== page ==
A few years ago I thought I might want to leave my marriage. During a struggle that lasted over a year, only one person ever said to me, “You mustn’t do that.”
…..It wasn’t any of my family members,
The only person who said, “You mustn’t do that,” was my therapist, Bud.
I don’t fault any of the other people in my life for failing to be this direct. Many didn’t understand the extent of my conflict – I had hidden it well. I think those who did know what was up felt it much more important to meet me with support rather than confrontation. Its a difficult call for anyone, especially when dealing with someone as boneheaded as me.
For the record, Bud did not represent himself as a pastoral counselor, or a Christian counselor. He never tried to make his case from a religious point of view at all. I believe that he was simply convinced that for me to leave my marriage would not only be self-destructive, but would sabotage one of the most important functions of marriage: to grow people up. (Bud’s approach was/is shaped by Bowen systems theory – pay particular attention to the concept of self-differentiation.) (also, See Note 1 below)
Bud knew my situation well enough to know that I was not married to an inherently destructive woman. He was not recommending that I hang in there with someone who might endanger my life (although he might have agreed that I deserved to be endangered….). It only took a few sessions for him to see that, even though I was certainly a brilliant therapist (cough-cough), that I was as locked into a selfish view of the world, and that all my training and experience as a mental health professional wasn’t going to break that hold.
There were no life-changing insights that followed – there rarely are, in any approach to therapy. But this particular season of self-reflection gave me a heightened appreciation for how incredibly difficult it is for any of us to recognize when our respect for a spouse is eroding, much less how to respond in constructive ways.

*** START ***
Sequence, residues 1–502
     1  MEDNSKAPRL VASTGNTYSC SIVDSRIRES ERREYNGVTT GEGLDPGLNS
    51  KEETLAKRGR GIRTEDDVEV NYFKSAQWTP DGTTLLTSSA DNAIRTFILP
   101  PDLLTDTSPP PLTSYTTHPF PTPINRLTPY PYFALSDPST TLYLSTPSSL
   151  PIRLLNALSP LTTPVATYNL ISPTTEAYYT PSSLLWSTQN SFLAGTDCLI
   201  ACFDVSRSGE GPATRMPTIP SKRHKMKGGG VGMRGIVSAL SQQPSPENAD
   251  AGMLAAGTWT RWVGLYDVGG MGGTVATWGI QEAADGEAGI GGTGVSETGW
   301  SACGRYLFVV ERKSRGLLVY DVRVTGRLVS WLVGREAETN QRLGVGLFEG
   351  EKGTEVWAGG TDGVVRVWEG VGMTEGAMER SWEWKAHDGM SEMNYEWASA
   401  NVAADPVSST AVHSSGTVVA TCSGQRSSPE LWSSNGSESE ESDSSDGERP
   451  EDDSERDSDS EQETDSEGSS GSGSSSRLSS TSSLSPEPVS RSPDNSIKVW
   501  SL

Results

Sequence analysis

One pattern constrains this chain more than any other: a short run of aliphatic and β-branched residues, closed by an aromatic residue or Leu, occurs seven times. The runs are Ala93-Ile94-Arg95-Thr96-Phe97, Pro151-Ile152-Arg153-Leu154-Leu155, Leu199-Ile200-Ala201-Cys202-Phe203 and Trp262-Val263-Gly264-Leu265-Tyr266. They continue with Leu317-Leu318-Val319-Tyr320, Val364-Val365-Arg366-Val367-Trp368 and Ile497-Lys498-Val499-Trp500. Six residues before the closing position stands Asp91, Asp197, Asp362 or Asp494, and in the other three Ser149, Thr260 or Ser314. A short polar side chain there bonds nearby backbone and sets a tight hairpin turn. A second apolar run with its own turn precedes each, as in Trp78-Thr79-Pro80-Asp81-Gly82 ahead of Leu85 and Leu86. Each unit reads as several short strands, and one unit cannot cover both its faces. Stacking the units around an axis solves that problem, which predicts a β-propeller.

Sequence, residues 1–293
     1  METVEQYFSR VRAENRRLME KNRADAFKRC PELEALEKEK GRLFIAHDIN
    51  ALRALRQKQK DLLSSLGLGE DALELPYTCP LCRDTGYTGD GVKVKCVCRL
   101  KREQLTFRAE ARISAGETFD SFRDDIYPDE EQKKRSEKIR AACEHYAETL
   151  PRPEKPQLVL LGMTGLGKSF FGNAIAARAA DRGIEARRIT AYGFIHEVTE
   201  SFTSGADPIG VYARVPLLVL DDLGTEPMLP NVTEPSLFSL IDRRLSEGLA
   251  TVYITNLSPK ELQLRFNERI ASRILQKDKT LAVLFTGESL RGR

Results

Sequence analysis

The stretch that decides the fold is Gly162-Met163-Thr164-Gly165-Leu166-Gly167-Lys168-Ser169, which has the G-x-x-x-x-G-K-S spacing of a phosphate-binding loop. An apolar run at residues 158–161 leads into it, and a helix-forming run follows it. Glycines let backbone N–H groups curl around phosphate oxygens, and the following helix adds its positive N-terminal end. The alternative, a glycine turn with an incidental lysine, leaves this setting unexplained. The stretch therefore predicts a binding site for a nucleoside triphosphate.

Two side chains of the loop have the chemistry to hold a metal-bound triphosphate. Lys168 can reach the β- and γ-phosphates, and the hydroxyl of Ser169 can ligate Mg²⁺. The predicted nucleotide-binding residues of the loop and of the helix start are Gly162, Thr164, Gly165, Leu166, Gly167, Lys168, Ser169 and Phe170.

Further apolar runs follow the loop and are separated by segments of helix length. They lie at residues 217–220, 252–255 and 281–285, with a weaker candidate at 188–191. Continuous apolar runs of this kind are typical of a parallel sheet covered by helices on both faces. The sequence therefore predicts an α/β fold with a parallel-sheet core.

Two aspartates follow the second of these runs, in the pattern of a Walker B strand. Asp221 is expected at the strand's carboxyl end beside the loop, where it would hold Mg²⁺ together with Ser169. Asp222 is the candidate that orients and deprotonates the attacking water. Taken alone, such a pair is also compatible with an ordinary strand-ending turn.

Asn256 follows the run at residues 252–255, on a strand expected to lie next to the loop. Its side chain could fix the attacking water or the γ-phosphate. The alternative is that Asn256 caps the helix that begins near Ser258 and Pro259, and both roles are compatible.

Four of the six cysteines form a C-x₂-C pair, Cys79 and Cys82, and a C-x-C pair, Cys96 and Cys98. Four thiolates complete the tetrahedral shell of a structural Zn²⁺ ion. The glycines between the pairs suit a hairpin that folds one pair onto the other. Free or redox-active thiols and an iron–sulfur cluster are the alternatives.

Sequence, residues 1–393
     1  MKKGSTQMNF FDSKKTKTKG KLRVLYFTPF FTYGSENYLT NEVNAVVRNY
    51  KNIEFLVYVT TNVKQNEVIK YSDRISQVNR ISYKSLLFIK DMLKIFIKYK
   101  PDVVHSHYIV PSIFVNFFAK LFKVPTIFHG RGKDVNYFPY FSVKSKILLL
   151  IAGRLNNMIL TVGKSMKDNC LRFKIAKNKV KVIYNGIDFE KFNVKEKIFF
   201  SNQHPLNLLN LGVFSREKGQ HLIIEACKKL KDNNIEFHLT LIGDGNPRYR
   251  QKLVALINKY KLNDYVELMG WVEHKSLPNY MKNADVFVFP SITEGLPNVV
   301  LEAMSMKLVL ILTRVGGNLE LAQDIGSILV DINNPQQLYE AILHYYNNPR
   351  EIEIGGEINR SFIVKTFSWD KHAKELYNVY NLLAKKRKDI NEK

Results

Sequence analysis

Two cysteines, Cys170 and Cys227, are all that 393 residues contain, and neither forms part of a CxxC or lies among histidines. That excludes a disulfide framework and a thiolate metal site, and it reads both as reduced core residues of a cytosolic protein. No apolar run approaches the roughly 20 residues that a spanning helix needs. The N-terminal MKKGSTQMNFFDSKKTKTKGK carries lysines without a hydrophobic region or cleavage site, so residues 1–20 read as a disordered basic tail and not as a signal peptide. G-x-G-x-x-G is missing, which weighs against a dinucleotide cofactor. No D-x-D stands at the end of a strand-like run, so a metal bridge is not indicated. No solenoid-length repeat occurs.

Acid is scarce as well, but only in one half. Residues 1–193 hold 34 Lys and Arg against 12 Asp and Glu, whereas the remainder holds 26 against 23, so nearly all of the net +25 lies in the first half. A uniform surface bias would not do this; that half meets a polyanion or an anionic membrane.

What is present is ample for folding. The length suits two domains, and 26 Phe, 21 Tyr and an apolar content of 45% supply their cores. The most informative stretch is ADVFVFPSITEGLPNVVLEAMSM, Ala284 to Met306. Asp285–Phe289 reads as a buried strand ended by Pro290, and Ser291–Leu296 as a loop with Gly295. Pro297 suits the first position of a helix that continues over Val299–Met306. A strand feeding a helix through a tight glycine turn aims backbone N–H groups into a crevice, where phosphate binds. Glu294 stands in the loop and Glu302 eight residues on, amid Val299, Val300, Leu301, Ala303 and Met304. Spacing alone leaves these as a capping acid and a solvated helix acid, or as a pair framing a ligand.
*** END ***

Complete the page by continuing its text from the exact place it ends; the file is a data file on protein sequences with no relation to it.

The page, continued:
However, one thing has become clear. Many, many couples wait until it is “too late” to deal with these dilemmas….
And so, out of this I’ve begun to believe the right decision for some persons may be to…
Leave your spouse while you’re still in love..
I am a therapist and I am a minister. I believe that sacred vows matter, and that we pay a price for breaking them (even though this an article of faith — see Note 2 below). I assume it seems strange for a pastoral counselor to be suggesting that someone leave his or her marriage, especially while still “in love.” After all, the great majority of marriages still occur within a sacred setting, and don’t virtually all religious groups assert the importance of keeping sacred promises?.
Yet, consider this….
Nearly half of all marriages end in divorce. Some studies report that as many as half of all married persons will have at least one extra-marital affair. Even though monogamy continues to be promoted as the cultural norm, it is clear that this is an ideal we’re not all that keen on. And remember, hardly any couples head to the altar with the intention of straying – more typically first affairs begin with an, “I can’t believe I’m actually doing this” moment..
Having hiked this ground with hundreds of couple, its clear to me where the breakdowns occur, and on why I think that the best approach for many persons is to leave while still in love. If you want to get a headstart on part 2, take a look at Alienation Cycle.
Note 2: The view that we benefit from keeping sacred promises, and diminish ourselves when we break them, is a statement of faith. As I’ve said in other places, no one can “prove,” as the opening quote declares, that only grief and suffering will bring us to consciousness. Nor can anyone prove that keeping promises is the best approach to life. At best, one can only make observations, reflect on experience, and then decide whether or not to have faith in what the great religious traditions teach about all the possibilities inherent in actually living out the tradition. I’m very aware that this faith approach to life could all be a farce. It may well be that suffering is inherently meaningless, and that all of our wondrous theologizing on the matter is just one great obsfucation aimed at helping us cope with our anxiety over the stupidity of the existence in which we find ourselves mired. So when I say that I “believe” that suffering can be transforming, or that keeping promises can be transforming, I merely mean that I choose to live as if this is true even though I can’t prove that it is true.